We're not talking about elaborate Christmas meals here, but rather basic staples to make up a three-day emergency food kit. Most food banks will take donations of long-life milk; tinned soup, meat, fruit and veg; jars of sauce; rice and pasta; teabags and instant coffee; cereals; sugar; and biscuits; while some will also accept basic toiletries, baby food/formula and cat or dog food.  It's probably best to check with the specific food bank for any no-nos or urgently required items before donating. 

Some of the key providers in Aberdeen, accepting public donations, are: 

Get Active 

Fancy doing something active while raising money for a local charity? Then one of these events might be up your street: 

The joggers among you might be keen for the Aberdeen Santa Run: a one mile or 5km fun run dressed in (yes, you guessed it!) Santa costumes. The event takes place at the Sports Village on Sunday 10th December, with funds going towards the work of CHAS - the Children's Hospice Association Scotland. Participants can register here at a cost of £14 (or £8 for kids), which includes a Christmas medal and your Santa suit and hat! 
Alternatively, perhaps the braver (or dafter) among you might be up for the Nippy Dipper Boxing Day Dip! Held at Aberdeen beach, this annual event sees participants "brushing off the Christmas cobwebs with a refreshing dip in the chilly North Sea!" You can register on the Lions Club website and are encouraged to seek sponsorship for a charity of your choosing, or the Lord Provost's Charitable Trust.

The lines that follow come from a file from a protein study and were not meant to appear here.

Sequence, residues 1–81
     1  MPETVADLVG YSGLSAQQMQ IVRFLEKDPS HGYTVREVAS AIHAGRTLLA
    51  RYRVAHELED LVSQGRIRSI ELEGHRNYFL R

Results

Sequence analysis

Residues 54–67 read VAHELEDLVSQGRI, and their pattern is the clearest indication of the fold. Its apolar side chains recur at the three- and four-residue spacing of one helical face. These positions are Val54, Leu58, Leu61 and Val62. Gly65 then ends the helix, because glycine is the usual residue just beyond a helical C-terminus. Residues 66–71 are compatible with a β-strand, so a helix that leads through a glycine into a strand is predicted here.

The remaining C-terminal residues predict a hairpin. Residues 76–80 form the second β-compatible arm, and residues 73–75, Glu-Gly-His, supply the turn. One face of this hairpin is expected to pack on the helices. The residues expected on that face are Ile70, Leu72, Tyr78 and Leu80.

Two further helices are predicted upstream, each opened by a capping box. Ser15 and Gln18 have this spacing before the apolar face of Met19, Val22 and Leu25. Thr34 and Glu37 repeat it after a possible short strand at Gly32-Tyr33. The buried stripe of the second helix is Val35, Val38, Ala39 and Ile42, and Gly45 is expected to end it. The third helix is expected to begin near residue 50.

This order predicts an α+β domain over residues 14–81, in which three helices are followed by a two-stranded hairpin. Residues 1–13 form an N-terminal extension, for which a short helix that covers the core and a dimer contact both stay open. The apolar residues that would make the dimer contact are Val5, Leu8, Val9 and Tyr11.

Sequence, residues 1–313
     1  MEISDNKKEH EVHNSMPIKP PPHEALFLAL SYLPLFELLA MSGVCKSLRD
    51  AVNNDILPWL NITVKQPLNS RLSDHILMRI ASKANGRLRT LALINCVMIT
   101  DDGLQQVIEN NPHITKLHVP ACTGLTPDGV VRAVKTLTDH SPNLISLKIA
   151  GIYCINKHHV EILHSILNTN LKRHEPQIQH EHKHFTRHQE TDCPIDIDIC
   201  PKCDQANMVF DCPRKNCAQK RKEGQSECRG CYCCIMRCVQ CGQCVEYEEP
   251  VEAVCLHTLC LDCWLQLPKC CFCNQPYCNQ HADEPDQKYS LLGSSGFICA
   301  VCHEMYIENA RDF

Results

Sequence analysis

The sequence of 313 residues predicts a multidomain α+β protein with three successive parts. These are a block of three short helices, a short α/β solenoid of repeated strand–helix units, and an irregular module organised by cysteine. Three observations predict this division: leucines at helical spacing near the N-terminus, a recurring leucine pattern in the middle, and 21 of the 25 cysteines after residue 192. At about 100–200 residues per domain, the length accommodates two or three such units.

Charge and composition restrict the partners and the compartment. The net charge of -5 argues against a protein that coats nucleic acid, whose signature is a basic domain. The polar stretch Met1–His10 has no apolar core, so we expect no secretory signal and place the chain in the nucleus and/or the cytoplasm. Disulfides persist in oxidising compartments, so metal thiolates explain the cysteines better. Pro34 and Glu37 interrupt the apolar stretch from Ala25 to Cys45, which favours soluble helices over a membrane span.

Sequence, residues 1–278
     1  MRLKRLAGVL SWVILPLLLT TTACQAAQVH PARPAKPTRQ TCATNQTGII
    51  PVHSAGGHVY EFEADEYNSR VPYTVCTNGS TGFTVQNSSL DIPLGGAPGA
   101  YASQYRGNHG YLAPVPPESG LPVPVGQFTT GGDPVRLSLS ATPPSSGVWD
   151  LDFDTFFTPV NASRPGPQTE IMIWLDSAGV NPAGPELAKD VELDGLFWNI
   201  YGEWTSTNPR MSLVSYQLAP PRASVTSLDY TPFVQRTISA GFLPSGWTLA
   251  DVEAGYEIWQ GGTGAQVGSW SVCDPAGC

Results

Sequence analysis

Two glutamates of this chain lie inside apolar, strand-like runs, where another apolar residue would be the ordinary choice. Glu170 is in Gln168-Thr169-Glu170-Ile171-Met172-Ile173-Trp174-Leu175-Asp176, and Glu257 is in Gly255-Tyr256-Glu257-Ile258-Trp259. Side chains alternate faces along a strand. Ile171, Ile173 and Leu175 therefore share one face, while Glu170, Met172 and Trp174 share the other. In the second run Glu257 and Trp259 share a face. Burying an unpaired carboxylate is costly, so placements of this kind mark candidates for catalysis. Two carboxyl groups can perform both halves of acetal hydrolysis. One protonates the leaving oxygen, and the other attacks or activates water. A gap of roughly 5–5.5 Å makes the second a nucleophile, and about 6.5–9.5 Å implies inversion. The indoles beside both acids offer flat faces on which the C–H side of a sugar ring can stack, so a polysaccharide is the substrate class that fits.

Take the Weight off your Feet

If, on the other hand, you find the Christmas trolley-dash to be quite enough activity, chances are you'll be more in need of a mid-shopping pit-stop for a bite to eat or a quick hit of caffeine. For my final suggestion, why not support those in need this Christmas by marking one of these social enterprises as 'Destination Coffee'?   

In the convenience of the Bon Accord Centre you'll find Tempo - a unique, volunteer-run cafe raising money for CLAN Cancer Support by charging customers for the length of their visit rather than the items consumed.  

At the top (Holburn Street) end of Union Street you'll find Social Bite - a sandwich shop where one in four of the staff are formerly homeless and all profits go to charities tackling homelessness.

Up on Rosemount Place there's Turning Point's 'Rosie's Cafe', serving up breakfasts, lunches, coffees, cakes and afternoon tea, while offering supported employment to people recovering from mental health issues or an acquired brain injury. They also stock a range of cards and gifts - handmade by service users - more of which can be found at their Framers, Crafts and Gift Shop up on Holburn Street.

Likewise, down on Rosemount Viaduct, The Bread Maker offers working roles to people with learning disabilities, serving up their own freshly-made bread products, alongside lunch and coffee; while over on the Beach Boulevard, Inspire's Cafe Coast does much the same.

These are just a few simple ways to be more generous with our time and money this Christmas time. I hope it might inspire you to come up with a few yourself.